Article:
There were more than a thousand people in Suhl (near Erfurt) for the 50th anniversary celebration of the European Callers & Teachers Association over the weekend. The weekend was pretty much fifty hours of awesome (though I think it would have been nice if a few more of those hours had actually been spent sleeping haha), in the tradition of good cons everywhere.
On Friday evening there was a little street carnival thing that I went to and had fun hanging out with some people there. I gave in and rode one of those whirling teacup rides for the first time with everyone else, which didn’t turn out as badly as I expected. My goal going in was to not throw up afterwards, at which I was successful. I spent a lot of time watching the buildings and the flags around the top of the ride so that I had something stationary to look at, though I don’t think that’s what you’re supposed to do. As long as I kept my mouth firmly closed instead of talking or laughing, it was pretty fun – when I forgot, it tended to feel like my stomach was going to go flying out of my mouth. We rode the ferris wheel (and now Norman finally knows why the square dance move is called that :P) and did one of those “win stuffed animals based on tickets” things, which was new for me.
The square dancing was really awesome too. I wore my rainbow socks, which evidently garnered attention from a huge number of guys. A clogger from the US came up to me and said she’d been told to talk to the girl with the rainbow socks, who was also an American, and when I wore fresh socks on Sunday, people came up to me and asked me where my rainbow socks were. I got to dance with some really fun people who were better at dancing than anyone I’ve danced with, and liked doing cool stuff. And I finally found someone to do the Circle Left-Allemande Left alternative move with – evidently Germans don’t know about it, and I’ve been missing it.
Coolest of what we did was when we paired off our square into two 4-person squares and danced every move, because it actually worked. We got some Square Throughs going where everyone kept holding hands (although in the process of figuring it out, I clobbered some tall guy in the face), and I’ve got the special Weave the Ring move the Germans do worked out finally. Norman and I messed up the caller when we danced in the lead square as corners instead of partners (score for us!). There was progressive square dancing where everybody swapped squares and moved around the dance floor, which was pretty awesome, and optional dancing where every so often the caller gave couples the option Roll Away or some other move so we would be dancing the opposite gender. I got to dance briefly as a guy during the introduction workshop in the afternoon, which was interesting, but I think I like being a girl better. (Swings are too much fun, thank you) ^.^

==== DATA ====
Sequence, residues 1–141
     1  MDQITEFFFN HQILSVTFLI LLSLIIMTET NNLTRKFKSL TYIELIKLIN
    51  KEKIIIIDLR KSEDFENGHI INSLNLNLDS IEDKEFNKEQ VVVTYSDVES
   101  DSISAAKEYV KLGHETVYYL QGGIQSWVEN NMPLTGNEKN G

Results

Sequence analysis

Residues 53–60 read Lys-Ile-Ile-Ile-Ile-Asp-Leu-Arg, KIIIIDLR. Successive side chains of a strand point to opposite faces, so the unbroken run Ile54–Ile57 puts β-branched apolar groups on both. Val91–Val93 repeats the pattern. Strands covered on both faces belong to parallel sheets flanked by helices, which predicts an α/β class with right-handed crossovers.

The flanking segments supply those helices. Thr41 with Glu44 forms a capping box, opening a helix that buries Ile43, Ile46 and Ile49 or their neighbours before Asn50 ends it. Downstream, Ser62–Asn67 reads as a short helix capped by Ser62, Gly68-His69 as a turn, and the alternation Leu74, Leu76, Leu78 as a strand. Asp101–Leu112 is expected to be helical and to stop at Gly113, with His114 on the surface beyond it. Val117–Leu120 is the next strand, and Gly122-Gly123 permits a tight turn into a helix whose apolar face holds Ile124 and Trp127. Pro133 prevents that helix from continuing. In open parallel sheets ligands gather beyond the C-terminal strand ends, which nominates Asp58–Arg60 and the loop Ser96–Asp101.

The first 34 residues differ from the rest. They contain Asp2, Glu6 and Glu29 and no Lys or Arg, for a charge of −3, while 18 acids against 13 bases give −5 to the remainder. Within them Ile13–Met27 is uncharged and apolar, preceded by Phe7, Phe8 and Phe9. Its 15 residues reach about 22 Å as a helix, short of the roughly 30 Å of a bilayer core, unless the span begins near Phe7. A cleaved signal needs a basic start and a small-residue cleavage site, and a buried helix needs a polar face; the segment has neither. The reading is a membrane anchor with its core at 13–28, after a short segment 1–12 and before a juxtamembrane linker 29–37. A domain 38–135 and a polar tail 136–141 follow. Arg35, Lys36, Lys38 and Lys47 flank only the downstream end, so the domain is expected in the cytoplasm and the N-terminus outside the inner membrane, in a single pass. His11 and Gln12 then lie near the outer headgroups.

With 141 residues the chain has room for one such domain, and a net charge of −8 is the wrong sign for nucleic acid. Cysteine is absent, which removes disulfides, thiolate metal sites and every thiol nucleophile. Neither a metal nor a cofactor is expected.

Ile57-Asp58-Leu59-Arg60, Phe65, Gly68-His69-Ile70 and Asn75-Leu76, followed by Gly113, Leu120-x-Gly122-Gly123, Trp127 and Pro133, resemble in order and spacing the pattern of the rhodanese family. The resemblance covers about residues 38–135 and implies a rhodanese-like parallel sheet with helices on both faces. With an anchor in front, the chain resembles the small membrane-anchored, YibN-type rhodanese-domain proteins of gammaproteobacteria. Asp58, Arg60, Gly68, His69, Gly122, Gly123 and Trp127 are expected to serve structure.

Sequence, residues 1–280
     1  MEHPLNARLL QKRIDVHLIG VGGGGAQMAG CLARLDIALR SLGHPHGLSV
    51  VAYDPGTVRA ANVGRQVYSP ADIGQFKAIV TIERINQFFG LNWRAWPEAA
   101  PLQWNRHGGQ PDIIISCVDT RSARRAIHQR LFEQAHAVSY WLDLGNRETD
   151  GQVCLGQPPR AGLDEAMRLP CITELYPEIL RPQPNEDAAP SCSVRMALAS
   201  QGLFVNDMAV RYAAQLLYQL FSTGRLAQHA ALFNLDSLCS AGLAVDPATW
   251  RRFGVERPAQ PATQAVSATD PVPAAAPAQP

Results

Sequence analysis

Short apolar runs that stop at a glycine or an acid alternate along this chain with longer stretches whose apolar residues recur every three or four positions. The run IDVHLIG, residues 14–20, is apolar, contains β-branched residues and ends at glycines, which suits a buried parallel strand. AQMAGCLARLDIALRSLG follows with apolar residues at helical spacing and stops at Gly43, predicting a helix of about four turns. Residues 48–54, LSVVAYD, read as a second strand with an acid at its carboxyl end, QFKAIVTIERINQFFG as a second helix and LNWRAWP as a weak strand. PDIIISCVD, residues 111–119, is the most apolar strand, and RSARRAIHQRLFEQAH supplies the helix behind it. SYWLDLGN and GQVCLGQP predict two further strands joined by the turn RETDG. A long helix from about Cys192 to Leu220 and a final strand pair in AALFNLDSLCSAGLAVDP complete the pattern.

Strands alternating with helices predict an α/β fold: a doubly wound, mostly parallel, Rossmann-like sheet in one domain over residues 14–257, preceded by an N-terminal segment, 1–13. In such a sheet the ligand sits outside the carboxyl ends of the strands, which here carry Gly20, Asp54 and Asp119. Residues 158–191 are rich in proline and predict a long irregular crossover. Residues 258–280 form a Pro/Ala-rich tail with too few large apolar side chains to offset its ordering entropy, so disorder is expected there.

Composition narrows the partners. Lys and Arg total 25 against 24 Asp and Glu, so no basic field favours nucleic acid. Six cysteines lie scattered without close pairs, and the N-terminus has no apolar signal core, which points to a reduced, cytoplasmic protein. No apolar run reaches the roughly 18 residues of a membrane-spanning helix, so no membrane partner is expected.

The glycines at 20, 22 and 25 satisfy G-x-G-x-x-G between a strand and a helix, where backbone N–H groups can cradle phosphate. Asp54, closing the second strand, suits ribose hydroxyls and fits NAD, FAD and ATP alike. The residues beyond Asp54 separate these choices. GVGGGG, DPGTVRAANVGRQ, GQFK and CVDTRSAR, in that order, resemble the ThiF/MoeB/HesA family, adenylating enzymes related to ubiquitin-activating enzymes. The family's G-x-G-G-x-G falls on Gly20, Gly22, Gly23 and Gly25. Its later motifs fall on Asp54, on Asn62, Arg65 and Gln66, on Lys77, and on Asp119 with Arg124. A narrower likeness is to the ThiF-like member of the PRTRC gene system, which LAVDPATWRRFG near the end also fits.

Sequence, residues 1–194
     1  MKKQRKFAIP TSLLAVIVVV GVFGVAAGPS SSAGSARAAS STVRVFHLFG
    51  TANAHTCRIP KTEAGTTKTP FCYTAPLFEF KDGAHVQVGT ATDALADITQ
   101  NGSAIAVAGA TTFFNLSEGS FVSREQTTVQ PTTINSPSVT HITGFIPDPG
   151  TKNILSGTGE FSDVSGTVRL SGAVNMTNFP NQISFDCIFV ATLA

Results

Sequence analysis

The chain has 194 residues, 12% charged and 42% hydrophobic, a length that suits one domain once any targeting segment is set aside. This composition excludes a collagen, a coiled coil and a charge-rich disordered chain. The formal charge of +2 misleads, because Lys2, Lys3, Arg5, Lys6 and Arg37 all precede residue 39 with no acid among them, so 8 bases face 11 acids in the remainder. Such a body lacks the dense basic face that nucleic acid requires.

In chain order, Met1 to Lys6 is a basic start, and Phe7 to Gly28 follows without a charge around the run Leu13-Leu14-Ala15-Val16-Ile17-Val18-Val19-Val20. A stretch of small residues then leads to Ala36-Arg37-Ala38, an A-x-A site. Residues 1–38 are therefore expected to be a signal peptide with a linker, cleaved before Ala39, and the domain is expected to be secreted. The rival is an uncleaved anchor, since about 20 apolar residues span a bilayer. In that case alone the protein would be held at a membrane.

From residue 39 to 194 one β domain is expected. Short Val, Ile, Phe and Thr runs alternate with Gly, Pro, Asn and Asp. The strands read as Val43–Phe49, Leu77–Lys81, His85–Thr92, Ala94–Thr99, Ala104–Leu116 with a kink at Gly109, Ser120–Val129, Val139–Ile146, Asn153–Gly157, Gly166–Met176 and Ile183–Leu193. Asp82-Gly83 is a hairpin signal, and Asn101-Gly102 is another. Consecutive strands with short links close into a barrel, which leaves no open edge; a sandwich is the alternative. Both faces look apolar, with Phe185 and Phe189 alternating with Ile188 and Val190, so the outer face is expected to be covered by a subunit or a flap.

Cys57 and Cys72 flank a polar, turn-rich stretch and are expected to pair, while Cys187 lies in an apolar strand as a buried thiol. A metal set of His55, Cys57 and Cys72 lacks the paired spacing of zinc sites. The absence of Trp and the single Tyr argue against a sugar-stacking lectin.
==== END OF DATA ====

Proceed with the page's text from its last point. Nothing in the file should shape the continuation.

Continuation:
I was bummed that I didn’t get to dance “Rosalie’s Boat” (which is probably my all-time favorite square dance song), but it was mostly made up for by getting to dance to “Fever” (as in the same song Nana Visitor sings in Star Trek with much awesomeness) for the first time. Ever since I found a copy of that in my dad’s record box I’ve wondered how it would be to dance to it. I think my facial expression kind of freaked the people in my square out because as my German compatriots would say, it was “geil.”
EDIT: don’t bother looking up “geil” – it’s used the same way as Bostonians use “wicked” or some people use “sick.” ie it seems to have nothing to do with the actual meaning of the word.
The callers were all amazing (though it was fascinating when they spoke, because some of them had a half British, half Texan accent from listening to square dance records). There were two German callers who kicked ass when they broke out into a cappella calling (can you call it beatboxing when it’s not hiphop music? – die Prinzen would say they did “alles mit dem Mund,” at any rate) and started doing the Twist on stage. I wish we’d gotten to hear more of them, because it was an amazing display of skill and it was really fun to dance to. At another point they got all the callers up on stage to do sort of a circle story style of calling, which was cool too.
In fact the only bad things I would say about the weekend were that it was too dark inside to take as many pictures as I wanted (plus I was too busy dancing) and that by midafternoon on Saturday my toes felt the way my dad’s look after he’s been skiing in his old ski boots. When I took my socks off at night, I couldn’t believe my toes weren’t black and blue. I had to dance the rest of the weekend in my sneakers. Oh, and the Grand March in the evening was really boring – an hour of standing in lines waiting to march while they called up an endless line of callers and presidents and stuff to make speeches. Unfortunately, it seems that it was impossible for me and Norman to have normal expressions over the weekend, because the pictures we got someone to take of us all look kind of weird.
People keep pointing out that I had to come to Germany to find good square dancing, and after this weekend, I would agree completely. I was already prepared to not argue it, especially this past month, but this weekend cinched it.